A shantyboat is a small crude houseboat. There is a long history of people building and living in shantyboats, the obvious choice for itinerant workers, miners, dockworkers, and farmers. As living on land has felt more and more constrained, people have looked to the relative freedom of rivers, lakes, and seas. This is the chronicle of a journey designing, building, and floating one such shantyboat.

Start at the beginning and work your way forward: A mad idea fueled by gin. Or enjoy a little inspiration for the journey. And finally, here is the plan, more or less.

The rest of the blog details the pitfalls, triumphs, near-death experiences, and joyous moments along our course.

On the Eve of the Secret History of American River People Expedition

As you may have heard, the shantyboat nears completion and we are readying it for the Secret History of American River People expedition on the Upper Mississippi starting in a few days.

This is a research journey to gather and present the lost stories of people living on or adjacent to the river. You can read all about it at the project website.

You can follow our progress on our voyage. You may want to hear about our triumphs and travails and the cool people we meet. If so, you can get automatic updates via email (or Twitter or Instagram and so on) right here: http://peoplesriverhistory.us/contact/

I also hope you will keep in touch with us and send us contacts of amazing people we want to talk to on the Upper Mississippi.

Thanks for all your support that has made this project possible.

Shantyboat on the Mississippi

In July, we are bringing the shantyboat across country to launch in the Mississippi River on an art and history expedition:

Thanks to espressobuzz for the historic photo
A journey to rediscover the lost narratives of river people, river communities, and the river itself. 

Secret History is an anthro-historical artist's journey through the history of a river. It weaves together threads of adventure, history, art, and story. 

We take to the river, Those forgotten waterways that flow through most towns, hidden behind levees, shoved underground or behind the seediest neighborhood.

Just a few generations ago, there were whole communities of people living right on the river in shantyboats. And people living in the bottomlands that flood every spring. Now mostly all gone.

We are fundraising right now to help make the project happen. There is also a beautiful video we produced to give you a lyrical flavor of the project.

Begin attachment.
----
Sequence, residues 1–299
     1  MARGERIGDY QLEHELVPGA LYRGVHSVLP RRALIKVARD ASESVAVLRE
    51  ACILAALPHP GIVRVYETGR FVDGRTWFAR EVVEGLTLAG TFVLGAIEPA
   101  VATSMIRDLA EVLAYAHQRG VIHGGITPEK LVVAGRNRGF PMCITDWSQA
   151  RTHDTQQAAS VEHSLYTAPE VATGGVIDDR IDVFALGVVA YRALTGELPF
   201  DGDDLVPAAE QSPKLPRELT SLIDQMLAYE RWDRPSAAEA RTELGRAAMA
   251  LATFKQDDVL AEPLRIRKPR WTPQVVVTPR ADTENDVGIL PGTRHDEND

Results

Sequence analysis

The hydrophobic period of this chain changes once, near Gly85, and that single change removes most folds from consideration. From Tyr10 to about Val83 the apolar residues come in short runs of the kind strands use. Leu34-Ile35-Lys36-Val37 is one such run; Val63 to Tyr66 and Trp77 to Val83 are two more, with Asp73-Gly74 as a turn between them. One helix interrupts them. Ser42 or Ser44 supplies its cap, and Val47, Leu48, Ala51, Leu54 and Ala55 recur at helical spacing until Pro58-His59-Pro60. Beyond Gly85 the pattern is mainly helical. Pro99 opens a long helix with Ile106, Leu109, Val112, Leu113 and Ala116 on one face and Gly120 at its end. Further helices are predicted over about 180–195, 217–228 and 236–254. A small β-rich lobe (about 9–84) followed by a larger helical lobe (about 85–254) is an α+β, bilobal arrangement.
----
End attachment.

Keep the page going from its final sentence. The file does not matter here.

The Kickstarter campaign is critical for launching the Secret History expedition. It will help pay for final outfitting of the shantyboat and transporting it across country. It will make sure we have decent audio-video equipment to record our interviews in the river communities we visit.

Thanks for helping support the project.

What the #*@&% happened?

You must hate me.

Last I left you with "Walls take shape" and then radio silence for six months.  Did I lose interest in the project? Get tragically killed by a falling jet engine?

No, I'm not dead and the project is moving along albeit a little more slowly. I started grad school. Which means that I no longer have the time for such luxuries as eating and sleeping.  However, I still spent many weekends working on the boat.

So the blog is six months behind, but the shantyboat is six months further along. Things in store for you as I update the blog, walls, windows, roof, decks, steps, doors.  Cool things like that.

So feel free to send me an email urging me along with blog posts. Here's my commitment: For every email, I receive from a different blog reader, I will create a new shantyboat post.

Roof Rafters - The cabin takes shape

When we disassembled the Hollister chicken coop, we got a bunch of beautiful old 1x12 redwood siding, a shitton of corrugated metal, a handful of old dimensional redwood 2x4s, and finally, a dozen or so roof rafters, complete with birdsmouths.

True they were old and some were a little worse for wear, rotted at the ends or showing signs of termites, but most were quite usable.

This is an awesome diagram with much of what you need to know about roofs in general. Terms you'll need for our shantyboat roof are common rafter, ridgeboard, birdsmouth, eave, gable end and gable end stud, ladder, collar tie, and rafter tie (also called a ceiling joist).

I sorted the good rafters from the marginal. The usable but marginal ones I treated with CopperGreen Clear and cut off the bad parts.

Since our shantyboat is smaller than the original chicken coop, I cut the rafters down to size, decreasing the overall length as well as the length of the eaves. I carefully cut the angle where they met in the center and re-cut the angle of the birdsmouth.

I laid them out on the floor of the barn, and used a temporary plywood collar tie (leaving a slot at the top for the ridgeboard) to keep everything from going wonky while I struggled to secure them into place.

With some ridiculously awkward effort, I got the two end rafters up supporting the ridgeboard.

Then one by one, I installed each of the rafter pairs.

Finally, I added a permanent collar tie to each of the inside rafter.  I suppose soon I will have to add a ladder to support the gable overhang and a fly rafter.

At the end of the day, for the first time, I was able to see the shape and size and height of this crazy boat.